For any and all plumbing pipe issues that may arise in your home, the team at My Buddy the Plumber in Park City is here to help. From services like pipe jetting for clog removal to sewer line cleaning and repair solutions, we’ll help you ensure all drains in and around your home are clear and working properly throughout the year.
One factor that will often play a significant role in the quality and lifespan of your pipes: The material they’re made from. Here’s a primer on piping material, from materials common in decades past (some of which can still be found in homes today) to the modern upgrades you’ll usually find in newer homes.
Cast Iron Pipes
For many homes built before the 1960s, cast iron was the primary material used. Commonly installed with vertical drainage systems, cast iron pipe systems could last for decades with the proper care. Unfortunately, they were also prone to rust and corrosion, and their uneven interior materials led to clogs and other buildups.
In addition, there have been varying periods in recent history where cast iron was not readily available to building contractors and plumbers. One such period surrounded World War II, for instance. For this reason, other materials were also used during earlier plumbing periods.
One such other material is known as Orangeburg piping, also called bituminous fiber piping. It’s made of wood pulp sealed with coal tar, and was the common stand-in for cast iron piping during World War II and other eras where cast iron wasn’t easily available.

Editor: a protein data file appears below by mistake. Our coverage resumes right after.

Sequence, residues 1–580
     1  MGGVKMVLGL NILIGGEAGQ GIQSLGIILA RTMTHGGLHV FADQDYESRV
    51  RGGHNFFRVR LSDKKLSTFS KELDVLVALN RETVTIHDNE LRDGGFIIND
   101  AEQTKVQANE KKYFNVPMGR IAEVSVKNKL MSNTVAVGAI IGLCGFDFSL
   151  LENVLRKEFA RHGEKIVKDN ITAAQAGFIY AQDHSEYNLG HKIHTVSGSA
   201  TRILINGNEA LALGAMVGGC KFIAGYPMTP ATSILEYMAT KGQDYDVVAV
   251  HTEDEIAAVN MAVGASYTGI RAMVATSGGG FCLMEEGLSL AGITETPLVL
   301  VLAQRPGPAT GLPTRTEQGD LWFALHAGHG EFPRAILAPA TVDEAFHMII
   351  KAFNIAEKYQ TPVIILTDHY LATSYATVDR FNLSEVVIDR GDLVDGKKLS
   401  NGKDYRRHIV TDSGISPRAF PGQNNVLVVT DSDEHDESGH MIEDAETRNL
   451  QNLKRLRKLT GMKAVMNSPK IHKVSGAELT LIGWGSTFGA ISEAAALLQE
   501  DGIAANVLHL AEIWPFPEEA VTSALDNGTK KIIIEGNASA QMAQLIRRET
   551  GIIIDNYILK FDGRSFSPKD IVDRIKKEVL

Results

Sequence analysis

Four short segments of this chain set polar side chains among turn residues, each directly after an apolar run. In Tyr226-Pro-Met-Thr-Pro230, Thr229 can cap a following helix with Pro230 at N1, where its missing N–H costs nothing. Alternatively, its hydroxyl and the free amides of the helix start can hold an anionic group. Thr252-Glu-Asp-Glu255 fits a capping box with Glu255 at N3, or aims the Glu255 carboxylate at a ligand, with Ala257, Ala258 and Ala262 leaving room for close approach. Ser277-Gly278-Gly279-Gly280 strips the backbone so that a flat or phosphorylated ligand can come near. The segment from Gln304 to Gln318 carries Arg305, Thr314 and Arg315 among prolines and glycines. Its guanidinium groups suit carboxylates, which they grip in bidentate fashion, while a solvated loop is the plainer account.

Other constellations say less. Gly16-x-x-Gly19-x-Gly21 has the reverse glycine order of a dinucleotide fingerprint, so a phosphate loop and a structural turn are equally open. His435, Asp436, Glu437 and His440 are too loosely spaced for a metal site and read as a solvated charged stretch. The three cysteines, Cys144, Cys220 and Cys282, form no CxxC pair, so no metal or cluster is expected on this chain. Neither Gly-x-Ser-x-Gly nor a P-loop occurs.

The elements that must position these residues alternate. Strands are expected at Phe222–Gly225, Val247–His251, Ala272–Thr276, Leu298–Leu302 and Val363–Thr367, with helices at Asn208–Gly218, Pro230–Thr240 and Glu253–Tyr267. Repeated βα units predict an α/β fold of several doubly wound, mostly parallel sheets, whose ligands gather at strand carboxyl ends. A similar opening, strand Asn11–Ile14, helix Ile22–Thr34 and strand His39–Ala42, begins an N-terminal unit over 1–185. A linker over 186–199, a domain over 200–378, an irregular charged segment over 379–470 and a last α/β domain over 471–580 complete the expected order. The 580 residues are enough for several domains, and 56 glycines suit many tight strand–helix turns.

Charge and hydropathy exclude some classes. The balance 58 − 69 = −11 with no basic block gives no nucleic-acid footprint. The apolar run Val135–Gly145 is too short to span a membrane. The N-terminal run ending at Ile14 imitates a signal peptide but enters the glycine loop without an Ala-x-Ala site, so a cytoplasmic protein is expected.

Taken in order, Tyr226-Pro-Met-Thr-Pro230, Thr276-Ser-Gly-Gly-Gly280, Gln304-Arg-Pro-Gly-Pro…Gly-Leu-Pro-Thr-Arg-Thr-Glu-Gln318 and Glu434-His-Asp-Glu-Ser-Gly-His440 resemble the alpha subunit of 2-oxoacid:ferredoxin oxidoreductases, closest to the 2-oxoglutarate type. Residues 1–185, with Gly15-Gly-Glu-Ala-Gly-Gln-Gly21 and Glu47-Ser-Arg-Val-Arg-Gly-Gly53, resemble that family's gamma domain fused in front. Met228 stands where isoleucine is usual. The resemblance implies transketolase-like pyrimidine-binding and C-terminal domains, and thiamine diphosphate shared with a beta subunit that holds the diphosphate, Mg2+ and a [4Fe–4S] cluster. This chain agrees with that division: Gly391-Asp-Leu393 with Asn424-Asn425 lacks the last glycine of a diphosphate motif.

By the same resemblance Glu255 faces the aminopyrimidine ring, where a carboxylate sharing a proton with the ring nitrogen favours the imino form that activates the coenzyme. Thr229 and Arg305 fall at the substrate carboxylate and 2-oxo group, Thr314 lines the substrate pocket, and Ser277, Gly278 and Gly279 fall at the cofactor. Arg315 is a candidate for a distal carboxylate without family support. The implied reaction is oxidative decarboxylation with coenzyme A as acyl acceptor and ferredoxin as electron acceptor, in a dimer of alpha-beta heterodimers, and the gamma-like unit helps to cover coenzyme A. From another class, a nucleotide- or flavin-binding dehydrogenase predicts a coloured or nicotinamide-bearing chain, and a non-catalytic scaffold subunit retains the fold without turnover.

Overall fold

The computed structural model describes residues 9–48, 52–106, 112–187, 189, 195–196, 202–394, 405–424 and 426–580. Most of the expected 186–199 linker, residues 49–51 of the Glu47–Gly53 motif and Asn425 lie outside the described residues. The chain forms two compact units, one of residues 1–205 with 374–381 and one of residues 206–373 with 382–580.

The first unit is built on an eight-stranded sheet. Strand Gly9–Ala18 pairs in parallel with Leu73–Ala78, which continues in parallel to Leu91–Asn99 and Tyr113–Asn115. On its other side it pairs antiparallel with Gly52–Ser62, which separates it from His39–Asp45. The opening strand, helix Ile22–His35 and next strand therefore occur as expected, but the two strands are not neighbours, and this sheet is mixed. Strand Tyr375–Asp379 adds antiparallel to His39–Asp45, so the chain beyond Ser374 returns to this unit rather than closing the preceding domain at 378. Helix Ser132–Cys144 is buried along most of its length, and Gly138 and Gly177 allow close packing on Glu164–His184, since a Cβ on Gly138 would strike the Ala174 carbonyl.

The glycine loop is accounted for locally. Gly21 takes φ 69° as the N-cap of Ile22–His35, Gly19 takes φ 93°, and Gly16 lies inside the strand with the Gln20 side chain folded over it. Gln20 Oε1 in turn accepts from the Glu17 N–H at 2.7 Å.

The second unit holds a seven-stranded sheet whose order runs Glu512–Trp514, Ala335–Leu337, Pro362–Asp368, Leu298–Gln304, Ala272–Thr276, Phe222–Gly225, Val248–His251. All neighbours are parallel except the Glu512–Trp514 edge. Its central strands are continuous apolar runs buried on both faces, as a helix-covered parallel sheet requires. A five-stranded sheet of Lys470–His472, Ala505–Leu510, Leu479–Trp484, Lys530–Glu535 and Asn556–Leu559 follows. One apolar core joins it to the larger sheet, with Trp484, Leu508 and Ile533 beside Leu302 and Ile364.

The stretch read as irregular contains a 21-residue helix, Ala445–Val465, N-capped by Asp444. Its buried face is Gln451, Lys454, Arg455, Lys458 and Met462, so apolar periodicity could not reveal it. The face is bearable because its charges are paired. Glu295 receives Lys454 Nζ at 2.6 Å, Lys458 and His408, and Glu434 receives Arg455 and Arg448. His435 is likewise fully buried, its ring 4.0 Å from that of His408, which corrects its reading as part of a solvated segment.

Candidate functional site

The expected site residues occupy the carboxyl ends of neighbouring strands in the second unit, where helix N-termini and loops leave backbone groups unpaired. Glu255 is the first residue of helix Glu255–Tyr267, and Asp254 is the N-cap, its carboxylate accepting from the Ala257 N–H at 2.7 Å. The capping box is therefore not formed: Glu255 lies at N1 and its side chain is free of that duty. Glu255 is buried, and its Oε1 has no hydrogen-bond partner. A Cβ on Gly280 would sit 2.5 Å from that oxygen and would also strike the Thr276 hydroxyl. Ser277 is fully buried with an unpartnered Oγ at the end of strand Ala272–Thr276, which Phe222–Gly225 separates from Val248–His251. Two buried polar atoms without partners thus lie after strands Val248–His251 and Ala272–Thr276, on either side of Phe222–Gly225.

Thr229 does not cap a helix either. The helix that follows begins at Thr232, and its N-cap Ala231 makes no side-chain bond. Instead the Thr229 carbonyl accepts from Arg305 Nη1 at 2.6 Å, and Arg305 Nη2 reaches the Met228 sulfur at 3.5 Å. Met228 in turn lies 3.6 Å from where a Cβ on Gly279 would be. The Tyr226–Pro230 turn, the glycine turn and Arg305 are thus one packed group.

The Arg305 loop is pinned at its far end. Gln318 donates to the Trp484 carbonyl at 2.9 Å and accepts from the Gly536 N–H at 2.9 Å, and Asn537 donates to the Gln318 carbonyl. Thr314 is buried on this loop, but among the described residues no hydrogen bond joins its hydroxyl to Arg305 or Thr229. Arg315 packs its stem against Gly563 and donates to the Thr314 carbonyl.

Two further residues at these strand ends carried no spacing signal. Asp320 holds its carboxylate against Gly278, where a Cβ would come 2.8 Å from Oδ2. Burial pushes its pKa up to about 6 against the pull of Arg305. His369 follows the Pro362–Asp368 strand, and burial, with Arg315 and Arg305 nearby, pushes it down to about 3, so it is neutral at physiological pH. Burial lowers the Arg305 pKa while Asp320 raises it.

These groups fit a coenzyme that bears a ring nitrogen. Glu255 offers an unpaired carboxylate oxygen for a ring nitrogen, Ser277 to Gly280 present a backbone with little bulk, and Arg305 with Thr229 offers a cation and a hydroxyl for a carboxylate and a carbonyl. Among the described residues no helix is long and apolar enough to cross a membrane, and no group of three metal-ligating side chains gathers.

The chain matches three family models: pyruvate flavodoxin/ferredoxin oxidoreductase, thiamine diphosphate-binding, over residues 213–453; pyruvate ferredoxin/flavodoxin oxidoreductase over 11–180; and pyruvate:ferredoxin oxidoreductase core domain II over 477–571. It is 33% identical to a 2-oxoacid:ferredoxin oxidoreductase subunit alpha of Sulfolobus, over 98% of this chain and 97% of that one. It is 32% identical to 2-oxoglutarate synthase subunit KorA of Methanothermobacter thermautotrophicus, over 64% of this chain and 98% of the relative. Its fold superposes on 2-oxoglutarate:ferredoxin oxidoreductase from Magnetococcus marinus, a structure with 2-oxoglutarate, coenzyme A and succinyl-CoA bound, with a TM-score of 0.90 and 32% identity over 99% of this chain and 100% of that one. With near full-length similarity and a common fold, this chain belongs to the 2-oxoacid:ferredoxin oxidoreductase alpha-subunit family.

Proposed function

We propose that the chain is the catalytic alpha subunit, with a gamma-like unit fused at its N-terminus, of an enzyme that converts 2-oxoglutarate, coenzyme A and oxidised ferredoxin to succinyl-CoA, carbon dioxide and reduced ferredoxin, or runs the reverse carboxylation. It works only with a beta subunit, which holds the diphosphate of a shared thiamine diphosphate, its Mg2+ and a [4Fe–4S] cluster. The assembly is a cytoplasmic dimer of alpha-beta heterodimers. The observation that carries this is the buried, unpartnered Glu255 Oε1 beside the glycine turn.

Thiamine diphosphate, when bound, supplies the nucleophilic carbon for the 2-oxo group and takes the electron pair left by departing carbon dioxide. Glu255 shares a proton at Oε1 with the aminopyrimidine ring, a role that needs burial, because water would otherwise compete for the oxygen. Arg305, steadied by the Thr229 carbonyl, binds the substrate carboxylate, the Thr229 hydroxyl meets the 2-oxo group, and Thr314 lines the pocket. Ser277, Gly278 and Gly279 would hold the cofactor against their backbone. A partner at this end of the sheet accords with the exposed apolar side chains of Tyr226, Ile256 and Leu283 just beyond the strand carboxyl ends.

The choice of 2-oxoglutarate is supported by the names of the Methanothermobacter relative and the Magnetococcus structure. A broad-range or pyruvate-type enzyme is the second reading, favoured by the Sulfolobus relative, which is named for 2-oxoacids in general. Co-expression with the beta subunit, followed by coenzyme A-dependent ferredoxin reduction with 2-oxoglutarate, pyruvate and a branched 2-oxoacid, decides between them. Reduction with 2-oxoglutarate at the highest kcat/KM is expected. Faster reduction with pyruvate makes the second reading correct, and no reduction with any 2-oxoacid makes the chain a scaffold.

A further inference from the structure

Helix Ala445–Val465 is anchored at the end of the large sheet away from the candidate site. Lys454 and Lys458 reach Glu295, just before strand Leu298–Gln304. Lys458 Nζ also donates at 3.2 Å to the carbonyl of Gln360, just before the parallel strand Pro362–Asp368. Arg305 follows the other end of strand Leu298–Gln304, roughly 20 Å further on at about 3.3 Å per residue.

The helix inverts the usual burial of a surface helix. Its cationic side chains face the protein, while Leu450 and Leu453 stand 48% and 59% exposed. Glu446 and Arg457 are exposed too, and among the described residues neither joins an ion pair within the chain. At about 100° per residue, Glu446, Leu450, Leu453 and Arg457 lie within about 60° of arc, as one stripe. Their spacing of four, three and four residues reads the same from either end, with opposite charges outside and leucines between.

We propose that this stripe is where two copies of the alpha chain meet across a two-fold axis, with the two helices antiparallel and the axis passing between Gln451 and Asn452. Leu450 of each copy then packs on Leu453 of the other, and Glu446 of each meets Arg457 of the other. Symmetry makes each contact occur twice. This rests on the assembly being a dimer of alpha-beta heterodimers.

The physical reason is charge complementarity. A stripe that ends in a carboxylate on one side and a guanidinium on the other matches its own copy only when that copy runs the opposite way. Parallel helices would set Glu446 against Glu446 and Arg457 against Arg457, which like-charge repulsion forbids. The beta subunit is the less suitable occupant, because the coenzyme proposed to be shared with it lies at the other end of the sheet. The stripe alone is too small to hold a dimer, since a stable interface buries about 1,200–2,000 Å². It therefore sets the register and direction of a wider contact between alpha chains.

Orangeburg piping was originally meant for use in electrical and telecommunications areas, and it’s not as durable as most other piping types. It comes with a high risk of tree root infiltration, bellying and general damage.
Another alternative that was used before and during the WWII era was clay, specifically a clay-shale blend. This is a long-lasting format that resists corrosion and acidic breakdowns, but also is weaker and more porous, leading to greater risks of leaking and tree root concerns.
Modern Pipe Materials
It’s possible that some older homes may still contain pipes made using the materials we’ve listed above – if yours is one such home, speak to our team about considering an upgrade. The two most common modern pipe materials used today are:
- PVC and ABS: Short for polyvinyl chloride and acrylonitrile butadiene styrene, these are two similar plastic piping formats often used today. They are completely rust-proof and smooth, meaning they don’t deal with corrosion risks or blockage increases. They’re affordable and versatile – they can even be used in the same system alongside older cast iron or clay piping formats.
- Concrete: Concrete was used in prior generations as an encasement material for clay piping, but today it’s often used as its own piping material. These materials are affordable and strong, with lifespans lasting in excess of 30 years.
For more on common piping materials to be aware of, or to learn about any of our plumbing or heating and air services, speak to the staff at My Buddy the Plumber today.